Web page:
The Times

Fiona MacRae

Gerry Gajadharsingh writes:

“Red meat is back on again, although it’s never been off the menu for me or my family! Yet more contradictory dietary advice from scientists. You pay your money and take your choice.

 There are so many good things about red meat, it’s great source of dietary protein, haem iron, zinc, B vitamins, selenium etc. Yes, too much of anything is a problem, but so is avoiding this important food group. The sensible advice is to minimise processed meats, they do contain chemicals which cause problems and aim to have 3 to 4 portions of red meat per week. It’s also important to eat a wide variety of other dietary proteins, including more plant-based proteins.”

Carnivores rejoice! Most red meat eaters do not need to cut down after all, health experts said last night.

An international panel of researchers have concluded that red and processed meats have little or no effect on the risk of heart disease and cancer.

The Canadian-led group also warned in their report that any benefits to health from cutting back could be outweighed by the damage done to the quality of life from forgoing much-enjoyed foods.

Bradley Johnston, the guidelines’ lead author, said: “For most people who enjoy eating meat, the uncertain benefits are unlikely to be worth it.”

As a result, people who enjoy three to four portions of red or processed meat a week on average should carry on with their diet as it is.

However, the report starkly contradicts recommendations from leading health bodies, including the World Health Organisation (WHO). The saturated fat content of red meat, the high amount of salt in processed varieties, cancer-causing chemicals produced during cooking and the preservatives used in processing are blamed for causing cancer, heart disease and other illnesses.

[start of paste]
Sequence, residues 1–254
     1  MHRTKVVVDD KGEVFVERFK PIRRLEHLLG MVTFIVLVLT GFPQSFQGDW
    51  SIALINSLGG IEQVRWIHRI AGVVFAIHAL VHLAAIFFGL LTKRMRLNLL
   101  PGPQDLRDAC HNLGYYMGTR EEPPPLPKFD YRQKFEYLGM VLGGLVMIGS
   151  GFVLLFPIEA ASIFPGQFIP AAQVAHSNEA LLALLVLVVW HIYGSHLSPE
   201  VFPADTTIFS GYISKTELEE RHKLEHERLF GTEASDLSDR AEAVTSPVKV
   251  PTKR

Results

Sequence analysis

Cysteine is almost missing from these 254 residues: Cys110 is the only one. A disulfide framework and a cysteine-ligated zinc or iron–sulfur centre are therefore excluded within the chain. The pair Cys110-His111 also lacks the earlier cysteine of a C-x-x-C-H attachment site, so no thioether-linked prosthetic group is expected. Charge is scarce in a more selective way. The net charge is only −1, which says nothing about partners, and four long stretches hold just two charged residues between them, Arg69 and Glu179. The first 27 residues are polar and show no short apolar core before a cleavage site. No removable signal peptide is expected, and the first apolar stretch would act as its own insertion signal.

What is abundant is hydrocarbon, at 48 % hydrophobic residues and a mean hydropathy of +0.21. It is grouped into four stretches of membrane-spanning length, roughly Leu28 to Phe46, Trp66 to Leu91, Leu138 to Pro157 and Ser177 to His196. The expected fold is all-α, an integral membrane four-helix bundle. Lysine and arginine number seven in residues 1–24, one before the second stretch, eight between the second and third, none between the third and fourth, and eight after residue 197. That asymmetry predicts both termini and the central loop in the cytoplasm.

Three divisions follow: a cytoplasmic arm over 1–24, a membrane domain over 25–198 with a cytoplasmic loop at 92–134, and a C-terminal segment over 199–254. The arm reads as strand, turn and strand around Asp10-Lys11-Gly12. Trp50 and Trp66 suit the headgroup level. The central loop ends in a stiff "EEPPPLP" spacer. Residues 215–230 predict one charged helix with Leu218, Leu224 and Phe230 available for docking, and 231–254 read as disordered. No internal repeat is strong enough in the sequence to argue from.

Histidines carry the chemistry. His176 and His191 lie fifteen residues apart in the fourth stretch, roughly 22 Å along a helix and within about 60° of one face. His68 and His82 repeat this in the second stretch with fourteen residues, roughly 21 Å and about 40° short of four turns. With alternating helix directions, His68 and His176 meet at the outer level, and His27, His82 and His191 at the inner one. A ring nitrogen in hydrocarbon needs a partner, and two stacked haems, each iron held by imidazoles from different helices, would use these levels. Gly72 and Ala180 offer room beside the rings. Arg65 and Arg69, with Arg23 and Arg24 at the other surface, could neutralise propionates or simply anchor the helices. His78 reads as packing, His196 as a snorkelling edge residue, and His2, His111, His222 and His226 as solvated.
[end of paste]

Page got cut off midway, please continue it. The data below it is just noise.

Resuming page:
The WHO classifies bacon, sausages, sliced ham and other processed meats alongside cigarettes and asbestos as known causes of cancer, and the World Cancer Research Fund (WCRF) tells people to avoid processed meat altogether or eat very little of it.

Doctors, dieticians and other researchers from seven countries including Britain analysed the results of studies on red meat consumption and health involving millions of people, including some of the studies used to formulate the existing health advice.

Crucially, however, they downgraded the importance of a large number of observational studies in which people were surveyed about their diet and then had their health tracked over time. Problems such as participants finding it hard to remember what they had eaten and meat-eaters potentially also being more likely to smoke or drink made the results unreliable, they said.

Evaluating the evidence in this way led the researchers, who do not have any links to the meat industry, to conclude that there was no real health benefit on cutting down on meat if, like most adults, you ate it three or four times a week.

In his conclusion in the journal Annals of Internal Medicine, Dr Johnston, of Dalhousie University in Nova Scotia, said: “This panel suggests that adults continue current unprocessed red meat consumption. Similarly, the panel suggests adults continue current processed meat consumption.”

However, Marco Springmann, of the University of Oxford, said: “The recommendation that adults continue current red and processed meat consumption is based on a skewed reading and presentation of the scientific evidence.”

Others emphasised that the research did not give a licence to feast on red meat. Giota Mitrou, of the WCRF, said: “The public could be put at risk if they interpret this new recommendation to mean they can continue eating as much red and processed meat as they like without increasing their risk of cancer. This is not the case.

“The message people need to hear is that we should be eating no more than three portions of red meat a week and eat little, if any, processed meat.”

Tracy Parker, of the British Heart Foundation, said: “How much red and processed meat we should be eating has been up for debate for decades, but our advice hasn’t changed. Most of us could benefit from eating less meat and including more plant-based protein in our diets, such as lentils, nuts and seeds, as well as fruit, vegetables and wholegrains.”

Professor David Spiegelhalter, of the University of Cambridge, described the analysis as “rigorous, even ruthless” but added: “I think we can be confident that the reduction in meat consumption would benefit the planet.”